Our five favorite No Doubt songs -- and yours?
At first, nothing about No Doubt screamed ''career longevity.'' Amid the grunge rock and gangsta rap of the early '90s, a ska-pop band fronted by a yelping platinum blonde seemed like a novelty act. But after the Gwen Stefani-led foursome broke through with 1995's ''Just A Girl,'' the hits kept coming, and coming -- enough to fill a recently released singles compilation, and to merit a greatest-hits tour this summer. No Doubt may not be the most important band of the last decade, but they're definitely one of the most fun. We picked five tunes that prove it.
''Spiderwebs'' (''Tragic Kingdom,'' 1995)
No Doubt's second hit single is a rarity: a headbanging pop song. Guitarist Tom Dumont's heavy-metal roots show in its squealing main riff, and the band's crazy-quilt eclecticism periodically pulls the song into ska detours. Stefani, chronicling her break-up with bassist Tony Kanal, shows early flashes of lyrical wit, singing: ''It's all your fault/I screen my phone calls/No matter who calls.'' Bonus points for writing one of the few choruses that can double as an outgoing answering machine message (''Sorry I'm not home right now/I'm walking into spiderwebs.'')
''Simple Kind of Life'' (''Return of Saturn,'' 2000)
Far from the melodrama of 1995's ''Don't Speak,'' ''Simple Kind of Life'' is musically understated (layered guitar strumming and a melancholy melody), but lyrically devastating. Stefani, singing in a heartfelt croon instead of her vibrato-ladedn shout of yore, hints that she'd rather be raising a family than nurturing pop hits: ''How'd I get so faithful to my freedom?/A selfish kind of life.'' One line in particular must have unnerved Stefani's then-boyfriend, now-husband Gavin Rossdale: ''I always thought I'd be a mom/Sometimes I wish for a mistake.''
''Bathwater'' (''Return of Saturn'')
Anyone who doubts that No Doubt is a band -- rather than a bunch of anonymous dudes backing a hot, talented singer -- need only check out ''Bathwater.'' Jazzy verses, a perky pop-punk chorus, a ''Sgt. Pepper''-like horn break, and surf-rock guitars make up this quirky tour de force. And that's despite downright nauseating lyrics: ''I still love to wash in your old bathwater.'' Let's hope Gwen was being metaphorical.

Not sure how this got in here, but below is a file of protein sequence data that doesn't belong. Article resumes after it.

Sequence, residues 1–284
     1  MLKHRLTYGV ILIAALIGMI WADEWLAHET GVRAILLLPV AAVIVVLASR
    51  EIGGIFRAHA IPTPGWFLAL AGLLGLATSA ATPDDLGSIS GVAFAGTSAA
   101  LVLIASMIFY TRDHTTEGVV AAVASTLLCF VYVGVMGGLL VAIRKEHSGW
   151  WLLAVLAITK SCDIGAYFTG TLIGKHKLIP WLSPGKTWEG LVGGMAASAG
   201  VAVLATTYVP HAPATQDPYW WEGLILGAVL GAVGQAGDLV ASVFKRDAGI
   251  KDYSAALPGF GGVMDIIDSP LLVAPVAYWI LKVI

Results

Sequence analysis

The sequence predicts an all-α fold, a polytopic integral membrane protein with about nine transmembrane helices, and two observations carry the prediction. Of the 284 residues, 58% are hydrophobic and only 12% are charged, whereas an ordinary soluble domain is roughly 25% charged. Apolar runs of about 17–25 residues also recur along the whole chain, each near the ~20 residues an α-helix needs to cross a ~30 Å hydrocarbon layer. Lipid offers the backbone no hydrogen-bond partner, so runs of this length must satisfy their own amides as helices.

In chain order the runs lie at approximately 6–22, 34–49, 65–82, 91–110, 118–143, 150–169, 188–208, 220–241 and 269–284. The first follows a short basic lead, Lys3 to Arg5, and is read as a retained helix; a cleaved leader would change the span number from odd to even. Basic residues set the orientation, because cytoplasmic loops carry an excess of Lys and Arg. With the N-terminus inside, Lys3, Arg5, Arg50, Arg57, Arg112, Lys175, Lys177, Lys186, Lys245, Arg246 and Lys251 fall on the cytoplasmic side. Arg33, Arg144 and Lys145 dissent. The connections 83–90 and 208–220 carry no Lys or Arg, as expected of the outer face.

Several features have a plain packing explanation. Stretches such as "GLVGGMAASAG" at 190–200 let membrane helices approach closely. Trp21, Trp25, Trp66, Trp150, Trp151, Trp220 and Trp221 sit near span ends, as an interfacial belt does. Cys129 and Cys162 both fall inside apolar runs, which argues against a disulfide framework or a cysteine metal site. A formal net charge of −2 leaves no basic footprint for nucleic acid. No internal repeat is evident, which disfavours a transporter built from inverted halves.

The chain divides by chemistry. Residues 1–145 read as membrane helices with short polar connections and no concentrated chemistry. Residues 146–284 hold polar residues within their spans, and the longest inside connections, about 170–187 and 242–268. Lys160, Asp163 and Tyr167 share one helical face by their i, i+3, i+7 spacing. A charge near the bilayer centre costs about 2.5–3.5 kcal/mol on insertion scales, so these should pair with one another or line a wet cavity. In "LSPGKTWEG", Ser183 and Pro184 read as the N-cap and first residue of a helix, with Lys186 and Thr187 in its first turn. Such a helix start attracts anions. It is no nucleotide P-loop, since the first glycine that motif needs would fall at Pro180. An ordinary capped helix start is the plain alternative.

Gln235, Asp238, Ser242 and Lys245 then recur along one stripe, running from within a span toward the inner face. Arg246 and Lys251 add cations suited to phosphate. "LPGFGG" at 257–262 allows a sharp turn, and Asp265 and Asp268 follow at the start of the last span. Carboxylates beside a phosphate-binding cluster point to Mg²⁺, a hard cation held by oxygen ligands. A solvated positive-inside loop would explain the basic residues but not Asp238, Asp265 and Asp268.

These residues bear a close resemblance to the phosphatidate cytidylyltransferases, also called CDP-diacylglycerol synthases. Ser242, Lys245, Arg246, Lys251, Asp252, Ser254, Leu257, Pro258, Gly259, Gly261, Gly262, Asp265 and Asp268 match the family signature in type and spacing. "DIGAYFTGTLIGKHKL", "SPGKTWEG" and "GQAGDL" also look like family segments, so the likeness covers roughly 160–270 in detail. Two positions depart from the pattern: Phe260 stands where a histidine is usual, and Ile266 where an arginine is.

''Hella Good'' (''Rock Steady,'' 2001)
With synthesizers buzzing and funk guitars dancing over a ''Billie Jean''-like beat, this dance-pop delight is irresistible enough to make you forget that ''hella'' is one of history's most irritating slang terms. ''I'm in the mood/So come on and give it up,'' Stefani purrs, full of newfound confidence after the cred-boosting collaborations with Moby and Eve that preceded ''Rock Steady.''
''Hey Baby'' (''Rock Steady'')
An even more radical departure than ''Hella Good,'' ''Hey Baby'''s hip-hop-inflected sound (complete with a guest spot from dancehall star Bounty Killer) helped win No Doubt new Gen-Y fans. The band's musicians probably weren't thrilled with the absence of live instruments from the track, but Stefani's chanted vocals (think Debbie Harry on ''Rapture'') suggest a Madonna-like capacity for reinvention. Stefani's upcoming solo album will apparently follow ''Steady'''s dance-friendly lead, to which we say, hella yeah.
Do you agree with our picks? What are your favorite No Doubt songs?